When you take a punch in boxing, it comes with a lot more force than most people realize. You’re dealing with every ounce of power that an opponent can generate with both arms. While protective gear like headgear or gloves can reduce some of the impacts, they still have limits when it comes to helping you avoid pain and injuries sustained during bouts.
You need to be aware of this potential for harm before stepping into the ring. This way, you will be less likely to let your guard down too much or underestimate how much damage your opponent can cause. Don’t forget, once a match is over, the pain you are feeling will follow you out of the ring, and it can take some time to fully recover.
Zen and The Art of Boxing – Keeping it Together in the Ring
One of the most important skills for boxing is having the ability to control your emotions. You need to be able to remain calm and in control even when you’re getting punched or feeling intense pain. You need to be able to keep a cool head so you can focus on your training and finish what you started, win, or lose.
It takes a great amount of discipline, practice, and dedication to master emotional control while boxing. Additionally, it’s important that you show humility after being victorious and respect towards your opponent after competing against them. Boxing is all about staying focused, channelling emotion into power, but also keeping an appropriate attitude throughout the match.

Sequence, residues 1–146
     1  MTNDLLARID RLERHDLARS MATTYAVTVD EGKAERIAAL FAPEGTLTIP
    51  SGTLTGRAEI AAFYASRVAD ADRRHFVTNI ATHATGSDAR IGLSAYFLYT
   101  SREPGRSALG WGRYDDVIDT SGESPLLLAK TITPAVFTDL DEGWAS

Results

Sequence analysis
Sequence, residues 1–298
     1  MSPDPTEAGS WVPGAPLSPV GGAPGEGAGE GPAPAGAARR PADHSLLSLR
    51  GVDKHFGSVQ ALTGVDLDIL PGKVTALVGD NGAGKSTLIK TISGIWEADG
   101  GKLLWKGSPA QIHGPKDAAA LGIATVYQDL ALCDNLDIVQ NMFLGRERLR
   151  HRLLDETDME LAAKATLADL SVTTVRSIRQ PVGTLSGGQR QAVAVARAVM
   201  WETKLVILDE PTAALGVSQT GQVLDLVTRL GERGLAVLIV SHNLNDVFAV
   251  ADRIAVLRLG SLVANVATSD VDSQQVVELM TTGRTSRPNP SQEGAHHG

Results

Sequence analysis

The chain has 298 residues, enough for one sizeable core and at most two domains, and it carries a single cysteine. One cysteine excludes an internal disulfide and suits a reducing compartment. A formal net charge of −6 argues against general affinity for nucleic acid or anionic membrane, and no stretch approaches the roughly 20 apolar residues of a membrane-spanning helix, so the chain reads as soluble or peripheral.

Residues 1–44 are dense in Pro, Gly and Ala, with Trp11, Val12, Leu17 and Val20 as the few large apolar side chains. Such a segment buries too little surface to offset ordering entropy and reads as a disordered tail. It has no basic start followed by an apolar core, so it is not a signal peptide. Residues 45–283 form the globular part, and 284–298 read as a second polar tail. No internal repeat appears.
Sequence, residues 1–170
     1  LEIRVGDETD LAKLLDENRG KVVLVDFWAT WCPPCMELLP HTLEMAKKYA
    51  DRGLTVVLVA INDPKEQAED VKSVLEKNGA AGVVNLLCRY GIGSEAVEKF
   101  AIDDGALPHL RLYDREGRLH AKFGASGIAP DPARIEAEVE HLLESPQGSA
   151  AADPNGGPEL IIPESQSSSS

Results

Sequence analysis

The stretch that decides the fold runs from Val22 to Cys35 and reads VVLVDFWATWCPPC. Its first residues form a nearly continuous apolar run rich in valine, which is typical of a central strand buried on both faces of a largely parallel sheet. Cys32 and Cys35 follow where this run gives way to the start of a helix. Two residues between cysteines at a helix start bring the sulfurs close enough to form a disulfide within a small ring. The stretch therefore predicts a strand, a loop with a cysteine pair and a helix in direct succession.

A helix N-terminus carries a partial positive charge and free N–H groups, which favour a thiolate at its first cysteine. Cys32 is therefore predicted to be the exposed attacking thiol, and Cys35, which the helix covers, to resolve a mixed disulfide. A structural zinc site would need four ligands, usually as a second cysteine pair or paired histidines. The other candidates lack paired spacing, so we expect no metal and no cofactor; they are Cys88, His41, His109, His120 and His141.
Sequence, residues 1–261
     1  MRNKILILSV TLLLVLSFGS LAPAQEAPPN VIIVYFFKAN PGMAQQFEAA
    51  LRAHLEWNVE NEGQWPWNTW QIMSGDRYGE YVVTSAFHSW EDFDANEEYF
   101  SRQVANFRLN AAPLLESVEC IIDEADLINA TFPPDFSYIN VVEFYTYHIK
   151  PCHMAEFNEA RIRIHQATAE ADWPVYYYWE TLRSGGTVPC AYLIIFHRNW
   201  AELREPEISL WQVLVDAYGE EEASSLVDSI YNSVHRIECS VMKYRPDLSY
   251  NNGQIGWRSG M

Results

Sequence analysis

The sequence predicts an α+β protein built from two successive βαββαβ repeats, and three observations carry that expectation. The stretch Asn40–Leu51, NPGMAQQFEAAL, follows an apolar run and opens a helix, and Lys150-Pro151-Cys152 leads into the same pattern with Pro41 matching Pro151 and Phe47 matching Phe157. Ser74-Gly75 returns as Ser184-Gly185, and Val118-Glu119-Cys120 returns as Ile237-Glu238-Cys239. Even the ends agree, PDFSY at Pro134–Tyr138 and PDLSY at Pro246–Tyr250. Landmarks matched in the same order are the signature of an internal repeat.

It All Comes Down to What You Want to Get out of Boxing
We know we’ve probably made it sound like boxing is only for the elite few, but that isn’t true. Boxing is one of those sports that will give you back as much as you put in. Plenty of people get a lot out of their morning jog without ever thinking about running a 40K marathon and you can approach boxing in the same way.
If you want to go pro or step into the amateur ring, then you have a gruelling but worthwhile future ahead of you. However, if your goal is to get fit, lose weight, meet new people, and have some fun at your boxing classes, then boxing might be for you. Not only will you get fit and make new friends, but you will also develop self-confidence and more than a few formidable self-defence skills.
Whether you plan to go pro, or your goal is to get leaner and fitter, professional trainers at Brooklyn Boxing are available for professional advice. Call today to find out more.